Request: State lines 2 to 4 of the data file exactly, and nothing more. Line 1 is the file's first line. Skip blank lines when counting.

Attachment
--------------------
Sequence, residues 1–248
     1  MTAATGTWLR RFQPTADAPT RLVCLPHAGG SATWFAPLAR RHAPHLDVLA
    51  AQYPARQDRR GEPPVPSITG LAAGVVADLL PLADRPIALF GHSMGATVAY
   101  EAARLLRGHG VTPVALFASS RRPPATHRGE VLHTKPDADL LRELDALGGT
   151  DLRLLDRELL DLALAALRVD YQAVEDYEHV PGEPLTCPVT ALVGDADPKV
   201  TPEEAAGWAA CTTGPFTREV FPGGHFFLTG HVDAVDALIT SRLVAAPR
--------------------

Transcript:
     1  MTAATGTWLR RFQPTADAPT RLVCLPHAGG SATWFAPLAR RHAPHLDVLA
    51  AQYPARQDRR GEPPVPSITG LAAGVVADLL PLADRPIALF GHSMGATVAY
   101  EAARLLRGHG VTPVALFASS RRPPATHRGE VLHTKPDADL LRELDALGGT